AB - Objectives : To (1) appraise current international classification and clinical management strategies for craniofacial microsomia (CFM) and microtia, and (2) to assess agreement with the European Reference Network “European Guideline Craniofacial Microsomia” recommendations on screening and monitoring. Design : This was a cross-sectional online survey study. The survey consisted of 44 questions on demographics, diagnostics and classification, obstructive sleep apnea, feeding difficulties, speech and language development, hearing, ocular abnormalities, visual development, orthodontic screening, genetic counselling, psychological wellbeing, and extracraniofacial anomalies. Participants : Respondents were participants of 3 international cleft and craniofacial conferences, members of the American Cleft Palate and Craniofacial Association and members of the International Society for Auricular Reconstruction. Respondents were requested to complete 1 questionnaire per multidisciplinary team. Results : Fifty-seven responses were received from 30 countries (response rate ∼3%).The International Consortium for Health Outcomes Measurement diagnostic criteria were used by 86% of respondents, though 65% considered isolated microtia a mild form of CFM. The Orbit, Mandible, Ear, Facial Nerve and Soft Tissue classification system was used by 74% of respondents. Agreement with standardized screening and monitoring recommendations was between 61% and 97%. A majority of respondents agreed with screening for extracraniofacial anomalies (63%-68%) and with genetic counselling (81%). Conclusions : This survey did not reveal consistent agreement on the diagnostic criteria for CFM. Respondents mostly supported management recommendations, but frequently disagreed with the standardization of care. Future studies could focus on working towards international consensus on diagnostic criteria, and exploring internationally feasible management strategies.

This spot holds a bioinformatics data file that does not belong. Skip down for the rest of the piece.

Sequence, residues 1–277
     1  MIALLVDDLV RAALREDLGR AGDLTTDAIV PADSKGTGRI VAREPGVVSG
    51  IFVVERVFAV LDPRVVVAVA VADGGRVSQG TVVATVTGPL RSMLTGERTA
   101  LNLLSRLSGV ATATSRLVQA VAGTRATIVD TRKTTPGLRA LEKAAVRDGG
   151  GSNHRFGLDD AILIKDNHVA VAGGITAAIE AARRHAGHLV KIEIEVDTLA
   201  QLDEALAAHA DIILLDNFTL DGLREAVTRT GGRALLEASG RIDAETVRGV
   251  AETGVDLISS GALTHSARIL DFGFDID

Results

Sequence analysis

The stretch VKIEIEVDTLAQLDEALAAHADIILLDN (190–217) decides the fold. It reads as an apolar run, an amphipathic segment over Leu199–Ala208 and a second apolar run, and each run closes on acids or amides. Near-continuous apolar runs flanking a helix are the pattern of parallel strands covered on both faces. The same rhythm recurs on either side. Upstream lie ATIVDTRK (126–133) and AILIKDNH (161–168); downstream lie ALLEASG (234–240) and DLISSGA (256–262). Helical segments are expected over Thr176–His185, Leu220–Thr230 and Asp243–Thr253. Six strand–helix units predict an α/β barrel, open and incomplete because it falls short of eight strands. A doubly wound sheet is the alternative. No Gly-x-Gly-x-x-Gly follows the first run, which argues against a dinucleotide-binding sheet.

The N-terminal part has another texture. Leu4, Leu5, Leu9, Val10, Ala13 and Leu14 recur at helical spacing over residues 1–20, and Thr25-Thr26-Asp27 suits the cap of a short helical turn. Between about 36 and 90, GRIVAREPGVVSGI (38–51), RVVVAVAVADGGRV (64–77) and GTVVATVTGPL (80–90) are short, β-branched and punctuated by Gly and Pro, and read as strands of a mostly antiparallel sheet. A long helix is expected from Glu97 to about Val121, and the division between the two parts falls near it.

KW - clinical management

KW - clinician survey

KW - craniofacial microsomia

KW - diagnostics

KW - microtia

KW - screening

UR - http://www.scopus.com/inward/record.url?scp=85129807621&partnerID=8YFLogxK

U2 - 10.1177/10556656221093912

DO - 10.1177/10556656221093912

M3 - Article

C2 - 35469463

JO - Cleft palate-craniofacial journal

JF - Cleft palate-craniofacial journal

SN - 1055-6656

ER -

ID: 23233727